E-Demon is yet another film in the found-footage, single-screen horror sub-genre. But even though it has been done before, I somewhat liked this newest entry into the genre. In real life, I am a bit paranoid about “Big Brother” watching me and yes, I’m still silly enough to cover up the camera on my laptop! Thinking there is a demon ready to take over the world via Skype- well, that’s terrifying!
In these types of films, most of the acting can be done in a very short time. The bulk of the work being done in post-production, to make it look like it’s on multiple screens. Films such as Unfriended, Open Windows and Unfriended: Dark Web all have been popular at the box office, and the most recent film Searching has also done quite well bringing the small screen to the big screen.
If you haven’t seen one of these movies, the single-screen technique has everything that happens in various windows, all play out on one computer screen and that’s what we see. When done well, it looks almost unreal to someone like me who didn’t grow up talking to my friends on Facetime. It adapts the computerized visual language into a cinematic journey. I have always been afraid of my daughter and her peers being addicted to technology, and this film really digs into a few good reasons why it could be a dangerous thing to be doing. Can’t we just hang out in person anymore, or am I just paranoid?
E-Demon is the debut film from writer and director Jeremy Wechter. It brings us a similar feel to some of the other films but has enough unique twists and turns that it works as well as any of them. I hope we don’t get too many of these in the future, I think it is a very limited genre, but for sheer horror novelty, E-Demon is a fun film to join the found-footage family.
The Set Up– The film begins with a masked person telling us about The Quad Murders. He claims to know the truth and warns us that the material we are about to see is very graphic and disturbing!
Cut To: A bunch of college friends. Kendra, Dwayne, Mar and AJ (Julia Kelly, John Anthony Wylliams, Ryan Redebaugh, Christopher Daftsios) AKA: The Quad, are having a little reunion via a group video chat. Some of these friends have a bad rep at playing pranks on each other, called freak-outs. So, when Mar shares that there is a cursed trunk in his attic that he’s decided to open, well, no one thinks it’s real. His Gamma had warned him not to touch it since there are things in there with a lot of bad ju-ju, because of the family witch. They should not have discounted his creepy Gamma; Mar and his family live in Salem, Mass and everyone knows about that history!
Unfortunately the trunk, of course, gets opened and unleashes all kinds of bad shit including a demon virus that possesses people instantly when your image is caught on video. Black magic has had to raise the bar to keep up with technology, right? This demon has now escaped its cage, has gone viral, starts possessing the friends and making them do horrible things. Each new person introduced into a scene is also possessed and the possessing flies through the city- each group possessing the next group and so on and so on. Before long, it could literally be the whole world unless you don’t use technology at all.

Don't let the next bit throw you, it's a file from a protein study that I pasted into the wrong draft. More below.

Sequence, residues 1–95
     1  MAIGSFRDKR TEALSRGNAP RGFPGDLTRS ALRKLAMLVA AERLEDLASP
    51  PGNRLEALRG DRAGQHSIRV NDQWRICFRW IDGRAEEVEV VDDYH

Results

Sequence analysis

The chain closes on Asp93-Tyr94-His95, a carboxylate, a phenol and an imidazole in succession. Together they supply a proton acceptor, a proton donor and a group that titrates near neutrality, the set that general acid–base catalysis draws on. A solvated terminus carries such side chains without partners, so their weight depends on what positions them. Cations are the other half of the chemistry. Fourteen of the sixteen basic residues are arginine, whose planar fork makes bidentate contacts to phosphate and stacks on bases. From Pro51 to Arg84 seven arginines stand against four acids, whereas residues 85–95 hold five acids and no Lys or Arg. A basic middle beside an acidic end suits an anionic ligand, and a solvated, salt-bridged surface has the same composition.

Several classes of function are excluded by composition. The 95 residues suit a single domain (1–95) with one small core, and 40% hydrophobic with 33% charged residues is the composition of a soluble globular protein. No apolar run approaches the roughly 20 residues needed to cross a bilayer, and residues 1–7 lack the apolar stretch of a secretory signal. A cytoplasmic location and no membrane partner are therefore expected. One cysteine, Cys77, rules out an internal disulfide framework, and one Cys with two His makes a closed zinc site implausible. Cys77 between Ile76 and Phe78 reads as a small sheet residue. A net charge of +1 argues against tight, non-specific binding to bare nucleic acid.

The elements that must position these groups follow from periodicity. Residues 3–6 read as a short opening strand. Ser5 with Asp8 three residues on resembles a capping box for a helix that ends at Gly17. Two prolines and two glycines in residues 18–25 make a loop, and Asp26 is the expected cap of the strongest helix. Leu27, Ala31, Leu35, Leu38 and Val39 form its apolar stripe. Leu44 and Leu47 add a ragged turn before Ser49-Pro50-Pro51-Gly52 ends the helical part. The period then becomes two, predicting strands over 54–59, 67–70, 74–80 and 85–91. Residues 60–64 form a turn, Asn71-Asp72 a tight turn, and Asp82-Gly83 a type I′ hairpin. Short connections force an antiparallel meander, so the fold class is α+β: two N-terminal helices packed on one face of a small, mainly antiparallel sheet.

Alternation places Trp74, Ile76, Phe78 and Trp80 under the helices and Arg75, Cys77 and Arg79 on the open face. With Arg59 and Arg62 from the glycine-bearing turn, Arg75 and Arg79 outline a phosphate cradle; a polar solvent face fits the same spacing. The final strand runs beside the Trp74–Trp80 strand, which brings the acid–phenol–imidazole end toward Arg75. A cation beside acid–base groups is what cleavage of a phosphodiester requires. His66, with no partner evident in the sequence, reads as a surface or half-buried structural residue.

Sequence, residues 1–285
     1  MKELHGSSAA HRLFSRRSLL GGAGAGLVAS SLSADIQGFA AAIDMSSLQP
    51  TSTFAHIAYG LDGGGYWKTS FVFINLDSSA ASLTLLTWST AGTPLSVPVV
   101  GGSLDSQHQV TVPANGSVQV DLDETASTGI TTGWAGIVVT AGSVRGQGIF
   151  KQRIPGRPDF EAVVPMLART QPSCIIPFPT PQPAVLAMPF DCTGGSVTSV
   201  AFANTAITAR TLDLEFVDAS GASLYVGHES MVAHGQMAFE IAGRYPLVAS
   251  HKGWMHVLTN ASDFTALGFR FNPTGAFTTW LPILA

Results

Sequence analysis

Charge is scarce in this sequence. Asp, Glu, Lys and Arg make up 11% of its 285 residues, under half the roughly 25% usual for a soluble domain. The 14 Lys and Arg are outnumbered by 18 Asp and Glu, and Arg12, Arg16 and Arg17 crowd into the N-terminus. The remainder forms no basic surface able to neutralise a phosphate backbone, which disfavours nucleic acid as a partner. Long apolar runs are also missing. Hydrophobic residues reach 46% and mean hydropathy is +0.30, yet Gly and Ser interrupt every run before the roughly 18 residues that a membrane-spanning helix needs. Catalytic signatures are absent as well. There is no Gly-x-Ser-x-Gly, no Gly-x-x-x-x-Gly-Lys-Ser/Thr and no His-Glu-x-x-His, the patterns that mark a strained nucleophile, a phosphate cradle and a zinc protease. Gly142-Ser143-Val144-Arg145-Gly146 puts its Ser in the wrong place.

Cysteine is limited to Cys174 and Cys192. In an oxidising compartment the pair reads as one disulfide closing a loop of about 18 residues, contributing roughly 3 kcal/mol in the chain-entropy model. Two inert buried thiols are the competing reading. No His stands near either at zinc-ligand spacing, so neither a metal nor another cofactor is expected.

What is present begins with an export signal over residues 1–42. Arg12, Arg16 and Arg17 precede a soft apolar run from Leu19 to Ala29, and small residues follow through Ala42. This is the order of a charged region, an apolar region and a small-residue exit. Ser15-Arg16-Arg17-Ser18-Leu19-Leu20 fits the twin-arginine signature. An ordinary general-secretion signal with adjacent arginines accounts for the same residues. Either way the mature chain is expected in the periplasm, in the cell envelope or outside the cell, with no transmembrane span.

So, why did I say earlier that I somewhat liked it? I did enjoy much of it and it certainly kept my interest till the end. The use of no jump scares was a huge plus. I liked the tension when all hell breaks loose and the friends begin to not trust each other. I thought the acting was pretty darn well done. They all seemed to care about each other and were genuinely horrified when things go wrong. There was real frustration because they were so separated across the country and couldn’t do anything to help each other.
I liked the presentation on the computer screen. You really had to watch what was going on, especially across the bottom of the screen. Minor subplots would open up when the characters started doubting each other. Some opened little side chats to talk shit about each other and I loved one of them looking on Google for “How to Fight a Demon”.
My biggest problem was the actual technology itself. Again, I am too old to really know how it all works, but how are they constantly moving from room to room, to outside, to basements, switching from computer screen to headsets, with such ease? Wouldn’t there be Wifi problems? Or lack of Wifi? Did everything they used have 4G? I have Wifi problems all the time and I’m not running from a demon. Seems like connection would have stopped some of the possessions- or they could have just stopped the video session. But that would end the film, so that didn’t happen. I caught myself wondering about things like that instead of paying attention at times. Another thing that bothered me was when one of the characters disappeared and never returned. Where did he go? I kept thinking he’d be back. His storyline just was dropped.
Last problem- the mythology. I realize it is fiction, but the mythology needs to be consistent. The demon possessed people in so many different technologically-based ways, so fast. It seemed like it changed to fit the next scene. That left me wondering was it a demon, multiple demons, or what? I guess it was just a super smart demon with the ability to adapt incredibly fast.
I liked E-Demon as well as I have the other found-footage single-screen flicks out there. I especially liked this one’s unique and fun end credits- kudos! My final take on this film is that if we use technology too much, we will all eventually be sucked into a world of evil somehow. So those of you that don’t own cell phones, computers, or watch TV are probably all safe. I guess I’m in trouble, and now, since this is on the internet, you are too! Bwahahahaha.
E-Demon had its theatrical premiere today in Los Angeles (September 14th) and is available everywhere else via Video on Demand.
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